Ecosystem

Nesha Adame
Mind Map by Nesha Adame, updated more than 1 year ago
Nesha Adame
Created by Nesha Adame about 5 years ago
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Description

Mind Map on Ecosystem, created by Nesha Adame on 01/19/2015.

Resource summary

ECOSYSTEMS
1 Interaction of organisms with their physical environment through a flow of energy and a cycling of nutrients. All ecosystems run on energy captured by:
1.1 Detritivores: Dine on detritus (small particles of organic matter
1.2 Consumers: Heterotrophs, they feed of tissues, wastes and remains of producers. They are clasified by their diets:
1.2.1 Herbivores: Feed from plants
1.2.2 Carnivores: eat the flesh from animals
1.2.3 Parasites: Feed of the tissues of their living hosts
1.2.4 Omnivores: devour animal and plant materials
1.3 Decomposers: feed on organic wastes and remains
1.4 Primary producers: Autotrophs or self-feeders, they capture energy from the sun and use it in photosynthesi
1.5 Trophic levels: Positions of every organisms in a food chain. Graphically represented as ecological pyramids.
1.5.1 1st level: Primary producers
1.5.2 2nd level: Hervobores
1.5.3 3rd level: Carnivores
1.5.4 4th level: Detritivores and consumers
1.5.5 Food chain: Description of who eats whom in one path of energy flow in an ecosystem.
1.6 Flow of energy through ecosystems:
1.6.1 Biomass pyramid: depicts dry weight of orgnisms at each trophic level of an ecosystem.
1.6.2 Primary production: Primary producers capture energy and convert it into biomass.
1.6.3 Ecological efficiency: Tends to be greatest in aquatic systems, where primary producers usually lack lignin and consumers tend to be ectotherms.
1.6.4 Energy pyramid: Diagram that depicts the energy that enters each trophic level.
2 BIOGEOCHEMICAL CYCLES:: Slow movement of a nutrient among environmental reservoirs and into and out of food webs.
2.1 Water cycle: Movement of water among Earth’s atmosphere. Sunlight causes evaporation, forming clouds and they fall as precipitation (rain, snow or hail) going back to the primary source.
2.1.1 Watershed: Land area that drains into a particular stream or river.
2.1.2 Soilwater: Water between soil particles.
2.1.3 Aquifier: Porous rock layer that holds groundwater, drained through soil layers.
2.1.4 Groundwater: Water in soil and aquifiers.
2.1.5 Runoff: Water that flows over soil into streams.
2.1.6 Fresh water makes up a tiny portion of the global water supply. Excessive water withdrawals threaten many sources of drinking water, irrigation methods for example.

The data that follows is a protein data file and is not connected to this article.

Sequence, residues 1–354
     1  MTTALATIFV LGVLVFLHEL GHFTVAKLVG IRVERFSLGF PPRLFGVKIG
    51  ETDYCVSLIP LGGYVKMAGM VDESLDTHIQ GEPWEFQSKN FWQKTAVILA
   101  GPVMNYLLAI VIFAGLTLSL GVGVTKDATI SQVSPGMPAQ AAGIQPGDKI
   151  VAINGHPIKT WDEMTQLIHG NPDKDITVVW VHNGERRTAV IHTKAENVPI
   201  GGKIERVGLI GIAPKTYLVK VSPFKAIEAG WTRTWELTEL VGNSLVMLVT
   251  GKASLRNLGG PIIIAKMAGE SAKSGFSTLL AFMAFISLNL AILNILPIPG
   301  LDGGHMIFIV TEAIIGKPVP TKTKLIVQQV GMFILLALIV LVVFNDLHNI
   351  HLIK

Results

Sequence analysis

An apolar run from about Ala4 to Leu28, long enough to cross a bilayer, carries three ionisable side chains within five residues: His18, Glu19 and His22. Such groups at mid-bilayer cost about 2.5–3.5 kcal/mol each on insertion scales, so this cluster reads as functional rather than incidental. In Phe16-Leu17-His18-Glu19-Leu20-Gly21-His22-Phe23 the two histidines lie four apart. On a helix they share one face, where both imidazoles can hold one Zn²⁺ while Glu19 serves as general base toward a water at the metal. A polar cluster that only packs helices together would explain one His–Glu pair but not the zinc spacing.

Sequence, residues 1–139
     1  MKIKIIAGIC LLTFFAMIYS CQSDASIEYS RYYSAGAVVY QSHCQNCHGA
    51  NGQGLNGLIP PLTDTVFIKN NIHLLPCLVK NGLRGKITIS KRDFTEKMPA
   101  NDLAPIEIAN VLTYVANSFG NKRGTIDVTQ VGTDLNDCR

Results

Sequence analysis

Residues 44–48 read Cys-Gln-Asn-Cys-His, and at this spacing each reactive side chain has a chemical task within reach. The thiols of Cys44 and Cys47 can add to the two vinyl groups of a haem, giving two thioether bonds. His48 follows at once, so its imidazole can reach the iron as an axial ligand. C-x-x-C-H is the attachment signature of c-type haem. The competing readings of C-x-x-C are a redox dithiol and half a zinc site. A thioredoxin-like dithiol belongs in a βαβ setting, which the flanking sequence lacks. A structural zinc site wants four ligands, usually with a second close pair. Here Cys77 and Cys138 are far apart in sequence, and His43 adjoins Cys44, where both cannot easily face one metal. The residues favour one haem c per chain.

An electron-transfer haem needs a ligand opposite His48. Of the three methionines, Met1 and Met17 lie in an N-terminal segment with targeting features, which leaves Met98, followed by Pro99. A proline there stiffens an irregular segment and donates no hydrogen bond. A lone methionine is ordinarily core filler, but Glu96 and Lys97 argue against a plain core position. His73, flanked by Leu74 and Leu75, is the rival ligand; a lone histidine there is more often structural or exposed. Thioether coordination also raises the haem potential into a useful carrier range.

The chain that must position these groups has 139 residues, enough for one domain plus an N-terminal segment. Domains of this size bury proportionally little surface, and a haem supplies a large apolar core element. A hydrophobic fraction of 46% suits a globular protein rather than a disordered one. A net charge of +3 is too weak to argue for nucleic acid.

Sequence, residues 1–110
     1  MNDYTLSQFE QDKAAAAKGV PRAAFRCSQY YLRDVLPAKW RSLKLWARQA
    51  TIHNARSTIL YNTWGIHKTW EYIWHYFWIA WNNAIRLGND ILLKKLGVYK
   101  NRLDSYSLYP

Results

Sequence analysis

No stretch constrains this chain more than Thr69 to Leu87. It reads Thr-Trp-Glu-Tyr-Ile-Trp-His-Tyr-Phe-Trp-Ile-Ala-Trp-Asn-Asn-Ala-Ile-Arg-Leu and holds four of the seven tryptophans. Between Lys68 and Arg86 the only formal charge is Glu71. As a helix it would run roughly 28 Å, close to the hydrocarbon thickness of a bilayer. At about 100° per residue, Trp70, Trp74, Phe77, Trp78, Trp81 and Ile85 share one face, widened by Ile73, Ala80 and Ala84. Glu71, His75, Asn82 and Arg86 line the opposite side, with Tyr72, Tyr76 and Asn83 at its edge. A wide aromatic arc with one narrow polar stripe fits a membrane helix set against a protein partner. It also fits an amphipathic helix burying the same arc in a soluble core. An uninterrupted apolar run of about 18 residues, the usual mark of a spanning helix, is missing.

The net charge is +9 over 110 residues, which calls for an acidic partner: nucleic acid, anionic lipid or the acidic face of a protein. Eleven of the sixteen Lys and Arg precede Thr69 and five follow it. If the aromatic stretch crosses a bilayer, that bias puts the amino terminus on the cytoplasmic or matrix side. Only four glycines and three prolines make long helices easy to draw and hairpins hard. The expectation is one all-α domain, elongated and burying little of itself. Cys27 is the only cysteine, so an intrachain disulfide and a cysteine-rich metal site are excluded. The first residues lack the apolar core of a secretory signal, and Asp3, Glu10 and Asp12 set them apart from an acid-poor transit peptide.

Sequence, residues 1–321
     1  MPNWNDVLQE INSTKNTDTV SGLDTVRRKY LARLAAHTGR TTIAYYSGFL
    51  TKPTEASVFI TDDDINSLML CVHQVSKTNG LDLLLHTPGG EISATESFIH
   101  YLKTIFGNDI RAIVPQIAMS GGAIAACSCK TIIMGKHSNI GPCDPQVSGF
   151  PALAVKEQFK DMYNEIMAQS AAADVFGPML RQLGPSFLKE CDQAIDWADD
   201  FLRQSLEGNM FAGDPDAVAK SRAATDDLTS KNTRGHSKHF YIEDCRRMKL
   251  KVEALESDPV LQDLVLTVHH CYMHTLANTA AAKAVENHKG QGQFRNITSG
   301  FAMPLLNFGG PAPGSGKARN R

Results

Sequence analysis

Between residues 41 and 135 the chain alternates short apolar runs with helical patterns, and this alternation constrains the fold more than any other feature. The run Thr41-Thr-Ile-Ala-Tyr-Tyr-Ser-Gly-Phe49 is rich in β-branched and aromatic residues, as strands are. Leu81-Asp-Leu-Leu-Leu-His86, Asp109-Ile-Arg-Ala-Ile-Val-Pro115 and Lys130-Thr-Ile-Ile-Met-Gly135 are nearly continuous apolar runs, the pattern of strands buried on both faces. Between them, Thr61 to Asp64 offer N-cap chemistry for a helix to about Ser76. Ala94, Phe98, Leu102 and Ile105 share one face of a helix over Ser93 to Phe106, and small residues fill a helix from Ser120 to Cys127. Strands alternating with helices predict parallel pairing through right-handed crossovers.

2.1.7 Eutrophication: Nutrient enrichment of an aquatic system.
2.2 Carbon cycle: Movement of carbon, mainly between the oceans, atmosphere and living organisms.
2.2.1 1. Plants take up carbon dioxide from the air for use in photosyntesis.
2.2.2 2. Carbon returns to air by aerobic respiration.
2.2.3 3. Carbon diffuses between the atmosphere and the ocean. (Bicarbonate forms when carbon dioxide dissolves in seawater)
2.2.4 4. Marine produces use bicarbonate in photosynthesis and marine organisms release carbon dioxide from aerobic respiration.
2.2.5 Atmospheric cycle: Biogeochemical cycle in which a gaseous form of an element plays a significant role.
2.2.6 5. Some marine organisms incorporate carbon into their shells; when they die become part of sediments and over-time turn in limestone and chalik.
2.2.7 6. Burning of fossil fuels derived from the ancient remains of plants puts additional carbon dioxide into the atmosphere.
3 GREENHOUSE GASES AND CLIMATE CHANGE
3.1 Greenhouse effect: Caused by excess of carbon dioxide.
3.2 Greenhouse gas: Atmospheric gas that absorbs heat emitted by Earth’s surface and remits it, thus keeping the planet warm.
3.3 2. More light energy reaches and warms Earth’s surface.
3.4 3. Earth’s warmed surface emits heat energy, some of it goes to space and the rest is absorbed and emitted in all direction by greenhouse gases.
3.5 1. Earth’s atmosphere reflects some sunlight energy back into space.
3.6 Global climate change: Long-term alteration of Earth’s climate.
4 NITROGEN CYCLE: Atmosphere is 80% nitrogen. Movement of nitrogen among the atmosphere, soil, water and food webs.
4.1 Nitrogen fixation: Incorporation of nitrogen from gas into ammonia.
4.2 Ammonification: Breakdown of nitrogen-containing organic material resulting in the release of ammonia an ammonium ions.
4.3 Nitrification: Conversion of amonium to nitrates.
4.4 Denitrification: Conversion of nitrates or nitrites to gaseous form of nitrogen.
4.5 Human activities disrupted the nitrogen cycle:
4.5.1 Burning fossil fuels releases nitrous oxide, which is a greenhouse gas, into the air and destroys the ozone layer.
4.5.2 Wastewater that escapes from septic systems is another source of nitrate pollution.
4.5.3 Use of synthetic fertilizer encourages the production of nitrous oxide by bacteria. It is also a source of nitrates, which pollute drinking water.
5 PHOSPHORUS CYCLE: Movement of phosphorus among Earth’s rocks and waters, and into and out of food webs.
5.1 Sedimentary cycle: Biochemical cycle in which the atmosphere plays little role and rocks are the major reservoir. Weathering puts phosphates into water and producers take up dissolved phosphates.
5.2 Phosphate-rich wastes are a natural fertilizer, and phosphate from rocks can be used to produce fertilizer on an industrial scale.
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